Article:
One of the world's foremost experts on the 10-string guitar, Pascal Boels offers us a cross-section of the finest music for his instrument from around Europe in the Renaissance and the Baroque. He identifies this as the guitar's 'golden age' - rather than the later proliferation of guitar music in pre-Romantic Europe, from Spain and Italy through Paris, London and Vienna, even as far as Moscow - because in the 16th and 17th centuries, the guitar and it's plucked-string ancestors reigned supreme, whereas the later guitar music, although often of great quality, could not compete with the genius poured by the great composers of the day into the fortepiano. Renaissance Spain in particular was a bastion of the art, where the 12-string vihuela inspired an immense corpus of great quality, often enhanced with the mystical qualities of plainchant. The musical range on Disc Two of this set is quite comprehensive: court music, fantasies, variations or glosses on secular melodies (Josquin des Prez's Mille regretz for example) and liturgical music. As the piano did in the 19th century, the vihuela in the Renaissance served as a platform for reductions of works for larger forces, making the great polyphonic music of the time more readily accessible to the masses and to individual players. The artist devotes Disc One to lands further north, where the guitar was often overshadowed by the lute, especially in England and Germany. Yet a portrait of this age in Europe would not be complete without the lute players Dowland (early Baroque) and Weiss (late Baroque) whose music is a perfect match for Boels' instrument. This very personal selection is a small but evocative sample of a vast yet paradoxically little-known repertoire, that nevertheless goes a long way to helping the classical guitar further stand the test of time.
One of the world's foremost experts on the 10-string guitar, Pascal Boels offers us a cross-section of the finest music for his instrument from around Europe in the Renaissance and the Baroque. He identifies this as the guitar's 'golden age' - rather than the later proliferation of guitar music in pre-Romantic Europe, from Spain and Italy through Paris, London and Vienna, even as far as Moscow - because in the 16th and 17th centuries, the guitar and it's plucked-string ancestors reigned supreme, whereas the later guitar music, although often of great quality, could not compete with the genius poured by the great composers of the day into the fortepiano. Renaissance Spain in particular was a bastion of the art, where the 12-string vihuela inspired an immense corpus of great quality, often enhanced with the mystical qualities of plainchant. The musical range on Disc Two of this set is quite comprehensive: court music, fantasies, variations or glosses on secular melodies (Josquin des Prez's Mille regretz for example) and liturgical music. As the piano did in the 19th century, the vihuela in the Renaissance served as a platform for reductions of works for larger forces, making the great polyphonic music of the time more readily accessible to the masses and to individual players. The artist devotes Disc One to lands further north, where the guitar was often overshadowed by the lute, especially in England and Germany. Yet a portrait of this age in Europe would not be complete without the lute players Dowland (early Baroque) and Weiss (late Baroque) whose music is a perfect match for Boels' instrument. This very personal selection is a small but evocative sample of a vast yet paradoxically little-known repertoire, that nevertheless goes a long way to helping the classical guitar further stand the test of time.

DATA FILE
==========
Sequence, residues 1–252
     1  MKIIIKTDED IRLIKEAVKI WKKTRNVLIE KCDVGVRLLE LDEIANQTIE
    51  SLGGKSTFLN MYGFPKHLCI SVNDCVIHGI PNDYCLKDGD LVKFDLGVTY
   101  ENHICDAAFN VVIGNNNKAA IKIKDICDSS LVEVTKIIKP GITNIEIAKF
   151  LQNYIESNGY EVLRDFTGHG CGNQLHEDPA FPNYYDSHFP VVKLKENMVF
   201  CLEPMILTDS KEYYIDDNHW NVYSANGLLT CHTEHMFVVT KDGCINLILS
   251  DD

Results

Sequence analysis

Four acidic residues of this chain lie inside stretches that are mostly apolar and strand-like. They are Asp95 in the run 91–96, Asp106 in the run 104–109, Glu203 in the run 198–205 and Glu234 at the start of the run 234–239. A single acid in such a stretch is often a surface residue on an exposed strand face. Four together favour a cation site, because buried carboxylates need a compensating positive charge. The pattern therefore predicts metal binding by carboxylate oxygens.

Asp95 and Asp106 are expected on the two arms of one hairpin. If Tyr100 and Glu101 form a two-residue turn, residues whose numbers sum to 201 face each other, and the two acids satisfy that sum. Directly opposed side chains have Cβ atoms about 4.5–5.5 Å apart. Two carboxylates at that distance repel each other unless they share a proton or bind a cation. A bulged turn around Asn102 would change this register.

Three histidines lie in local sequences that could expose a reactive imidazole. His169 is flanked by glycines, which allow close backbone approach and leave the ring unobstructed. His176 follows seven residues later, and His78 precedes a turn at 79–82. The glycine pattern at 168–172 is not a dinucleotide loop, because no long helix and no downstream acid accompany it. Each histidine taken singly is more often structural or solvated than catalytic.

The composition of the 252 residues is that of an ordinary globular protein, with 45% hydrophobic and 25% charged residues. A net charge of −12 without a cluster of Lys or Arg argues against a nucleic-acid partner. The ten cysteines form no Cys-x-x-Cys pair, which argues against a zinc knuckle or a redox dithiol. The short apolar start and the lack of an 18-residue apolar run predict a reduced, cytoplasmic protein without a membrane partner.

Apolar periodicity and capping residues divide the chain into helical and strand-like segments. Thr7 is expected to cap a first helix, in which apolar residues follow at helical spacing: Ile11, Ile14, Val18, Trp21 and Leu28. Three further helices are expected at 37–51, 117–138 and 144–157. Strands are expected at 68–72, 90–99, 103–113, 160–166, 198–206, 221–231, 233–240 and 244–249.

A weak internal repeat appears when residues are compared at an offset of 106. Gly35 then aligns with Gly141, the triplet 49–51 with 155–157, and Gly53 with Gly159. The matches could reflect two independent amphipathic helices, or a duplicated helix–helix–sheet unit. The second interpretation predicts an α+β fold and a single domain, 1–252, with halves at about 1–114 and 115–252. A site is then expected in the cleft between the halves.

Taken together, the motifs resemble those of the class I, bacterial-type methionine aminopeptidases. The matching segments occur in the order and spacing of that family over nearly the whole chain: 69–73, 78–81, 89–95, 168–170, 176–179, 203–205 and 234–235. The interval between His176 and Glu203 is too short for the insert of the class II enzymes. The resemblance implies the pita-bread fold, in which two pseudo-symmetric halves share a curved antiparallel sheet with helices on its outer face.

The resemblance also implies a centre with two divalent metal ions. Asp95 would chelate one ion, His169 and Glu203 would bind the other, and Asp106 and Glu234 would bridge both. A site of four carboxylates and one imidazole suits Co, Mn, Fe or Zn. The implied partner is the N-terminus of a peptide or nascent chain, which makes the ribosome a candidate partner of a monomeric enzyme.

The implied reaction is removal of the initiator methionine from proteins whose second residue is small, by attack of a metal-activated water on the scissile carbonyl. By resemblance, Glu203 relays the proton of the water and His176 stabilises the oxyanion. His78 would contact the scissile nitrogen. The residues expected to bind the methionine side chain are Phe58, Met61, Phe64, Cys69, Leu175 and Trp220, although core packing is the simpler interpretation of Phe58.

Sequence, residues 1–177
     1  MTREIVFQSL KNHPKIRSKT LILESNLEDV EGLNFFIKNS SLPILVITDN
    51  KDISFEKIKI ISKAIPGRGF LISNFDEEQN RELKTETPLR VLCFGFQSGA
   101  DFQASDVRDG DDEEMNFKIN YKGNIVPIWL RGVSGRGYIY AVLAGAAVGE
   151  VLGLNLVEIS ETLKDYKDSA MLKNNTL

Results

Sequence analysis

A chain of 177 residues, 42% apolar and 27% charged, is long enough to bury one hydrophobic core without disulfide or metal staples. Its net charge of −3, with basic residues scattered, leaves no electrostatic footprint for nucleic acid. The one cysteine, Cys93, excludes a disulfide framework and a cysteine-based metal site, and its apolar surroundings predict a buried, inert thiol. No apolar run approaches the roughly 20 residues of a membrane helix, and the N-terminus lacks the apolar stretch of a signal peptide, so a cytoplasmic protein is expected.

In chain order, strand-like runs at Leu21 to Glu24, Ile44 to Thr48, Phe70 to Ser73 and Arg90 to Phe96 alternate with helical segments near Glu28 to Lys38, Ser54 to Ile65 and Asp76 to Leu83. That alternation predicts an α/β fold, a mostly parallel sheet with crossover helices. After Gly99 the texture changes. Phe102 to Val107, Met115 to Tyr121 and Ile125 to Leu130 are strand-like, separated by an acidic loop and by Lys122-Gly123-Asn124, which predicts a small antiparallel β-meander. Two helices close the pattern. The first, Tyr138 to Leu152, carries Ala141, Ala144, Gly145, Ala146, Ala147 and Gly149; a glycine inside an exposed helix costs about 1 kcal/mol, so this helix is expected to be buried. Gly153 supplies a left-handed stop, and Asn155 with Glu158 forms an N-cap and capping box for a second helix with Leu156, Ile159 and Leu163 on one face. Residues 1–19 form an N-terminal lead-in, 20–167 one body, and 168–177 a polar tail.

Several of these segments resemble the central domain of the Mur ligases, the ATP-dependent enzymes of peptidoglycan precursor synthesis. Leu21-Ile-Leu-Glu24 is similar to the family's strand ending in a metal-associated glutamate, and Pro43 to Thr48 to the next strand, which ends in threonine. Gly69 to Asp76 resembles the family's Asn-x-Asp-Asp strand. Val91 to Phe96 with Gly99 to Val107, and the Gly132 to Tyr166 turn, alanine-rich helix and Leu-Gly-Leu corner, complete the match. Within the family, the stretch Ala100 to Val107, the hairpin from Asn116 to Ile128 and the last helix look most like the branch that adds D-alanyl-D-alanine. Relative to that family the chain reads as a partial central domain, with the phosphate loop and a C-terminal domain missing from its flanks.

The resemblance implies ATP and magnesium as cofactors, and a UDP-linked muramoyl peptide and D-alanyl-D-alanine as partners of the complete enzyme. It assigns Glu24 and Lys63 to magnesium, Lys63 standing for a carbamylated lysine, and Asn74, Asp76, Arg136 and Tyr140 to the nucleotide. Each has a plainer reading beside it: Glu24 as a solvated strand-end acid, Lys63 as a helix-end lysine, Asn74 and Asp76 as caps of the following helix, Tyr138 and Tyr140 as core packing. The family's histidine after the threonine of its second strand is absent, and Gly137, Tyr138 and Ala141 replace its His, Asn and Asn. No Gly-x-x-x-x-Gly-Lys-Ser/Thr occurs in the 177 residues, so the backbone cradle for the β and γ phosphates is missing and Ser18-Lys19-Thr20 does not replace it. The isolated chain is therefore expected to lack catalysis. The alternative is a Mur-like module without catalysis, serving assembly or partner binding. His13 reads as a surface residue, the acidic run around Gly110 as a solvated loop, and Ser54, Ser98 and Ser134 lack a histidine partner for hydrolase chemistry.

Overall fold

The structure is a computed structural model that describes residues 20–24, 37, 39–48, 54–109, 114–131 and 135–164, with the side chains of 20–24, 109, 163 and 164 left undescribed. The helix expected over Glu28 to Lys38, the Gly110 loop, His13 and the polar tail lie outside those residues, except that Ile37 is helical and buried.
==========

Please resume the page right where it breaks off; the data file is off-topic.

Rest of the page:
5028421961576
Golden Age Of The Guitar / Various (2pk)
Artist: Golden Age Of The Guitar / Various 2pk
Format: CD
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One of the world's foremost experts on the 10-string guitar, Pascal Boels offers us a cross-section of the finest music for his instrument from around Europe in the Renaissance and the Baroque. He identifies this as the guitar's 'golden age' - rather than the later proliferation of guitar music in pre-Romantic Europe, from Spain and Italy through Paris, London and Vienna, even as far as Moscow - because in the 16th and 17th centuries, the guitar and it's plucked-string ancestors reigned supreme, whereas the later guitar music, although often of great quality, could not compete with the genius poured by the great composers of the day into the fortepiano. Renaissance Spain in particular was a bastion of the art, where the 12-string vihuela inspired an immense corpus of great quality, often enhanced with the mystical qualities of plainchant. The musical range on Disc Two of this set is quite comprehensive: court music, fantasies, variations or glosses on secular melodies (Josquin des Prez's Mille regretz for example) and liturgical music. As the piano did in the 19th century, the vihuela in the Renaissance served as a platform for reductions of works for larger forces, making the great polyphonic music of the time more readily accessible to the masses and to individual players. The artist devotes Disc One to lands further north, where the guitar was often overshadowed by the lute, especially in England and Germany. Yet a portrait of this age in Europe would not be complete without the lute players Dowland (early Baroque) and Weiss (late Baroque) whose music is a perfect match for Boels' instrument. This very personal selection is a small but evocative sample of a vast yet paradoxically little-known repertoire, that nevertheless goes a long way to helping the classical guitar further stand the test of time.